Much of the supporting characters are robbed of their depth, with Swelter the chef particularly suffering. In the book he's a case study in vile cunning, and in the television series he's just a fat horrible bumbling thug. Similarly, Dr. Prunesquallor has gone from a massively intelligent, graceful man with a distinctive laugh to a chirping tit. Such one-dimensional, broadly comic and yet entirely unfunny characters plague the series, and as such, the various feuds and arguments between them (which often don't serve the plot, but are simply enjoyable to read in the novel) are absolutely impossible to give a flying fuck about, and completely inconsequential. If they weren't to be adapted with any depth, one rather wishes they'd abandoned them completely and devoted more screentime to the things that DO work. I know you have to simplify things for TV, but not to the point where vital information about Steerpikes rise to power is sidelined in favour of crap slapstick from Dot Cotton and Alf Garnett. Every time we revisit Steerpike he's got a new job, a new swishy outfit, and the overall impression is that there's a really interesting story happening offscreen while we're busy listening to Alf Fucking Garnett shouting his head off.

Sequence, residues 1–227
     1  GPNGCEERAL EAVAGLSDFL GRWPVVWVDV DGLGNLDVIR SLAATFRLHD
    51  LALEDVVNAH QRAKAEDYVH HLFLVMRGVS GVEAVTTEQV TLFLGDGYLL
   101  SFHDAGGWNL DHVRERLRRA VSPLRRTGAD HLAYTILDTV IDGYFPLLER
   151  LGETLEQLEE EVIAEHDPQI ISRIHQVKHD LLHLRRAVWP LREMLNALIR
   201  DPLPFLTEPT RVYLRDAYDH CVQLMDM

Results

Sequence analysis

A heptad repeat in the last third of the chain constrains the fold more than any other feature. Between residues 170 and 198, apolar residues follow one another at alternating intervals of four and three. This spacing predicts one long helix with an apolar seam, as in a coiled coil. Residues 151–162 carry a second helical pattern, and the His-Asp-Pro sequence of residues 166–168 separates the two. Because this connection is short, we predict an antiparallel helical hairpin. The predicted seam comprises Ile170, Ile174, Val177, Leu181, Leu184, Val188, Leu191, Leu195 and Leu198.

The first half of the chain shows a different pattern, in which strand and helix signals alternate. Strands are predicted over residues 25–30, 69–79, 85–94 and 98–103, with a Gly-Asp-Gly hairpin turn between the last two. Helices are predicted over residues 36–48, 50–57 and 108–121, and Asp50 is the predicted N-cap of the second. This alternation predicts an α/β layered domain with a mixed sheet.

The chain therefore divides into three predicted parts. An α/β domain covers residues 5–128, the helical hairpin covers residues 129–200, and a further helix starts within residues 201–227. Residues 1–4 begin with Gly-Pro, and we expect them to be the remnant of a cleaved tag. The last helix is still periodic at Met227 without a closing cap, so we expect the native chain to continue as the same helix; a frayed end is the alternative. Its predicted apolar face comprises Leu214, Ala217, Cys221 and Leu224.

Garnett (I can't be arsed IMDB'ing his real name) plays Barquentyne, who's funny because he shouts and swears and he's on crutches, or something. In the novel Barquentyne inherits his position (which is something to do with organising all the various traditional festivals and feasts and ceremonies of Gormenghast) at the age of 65, having been living in the wilderness previously - hence his somewhat gruff manner. Given the sheer amount of time he's onscreen shouting and being annoying, this little extra tidbit of information would have added at least some depth to the character. As it stands, he might have more lines than anyone else in the production, but he's just a completely annoying wanker. His ranting and raving is too toned-down to be amusing. He's just like a drunk on a train. There's any number of scenes that could have been cut to fit that little bit more background about him in, but no, you're just expected to laugh because it's Alf Garnett shouting not particularly rude things. STOP GETTING GORMENGHAST WRONG. It's supposed to be a tired, grim place, mired in outdated customs and ruled by madmen. It's not fucking Fun House.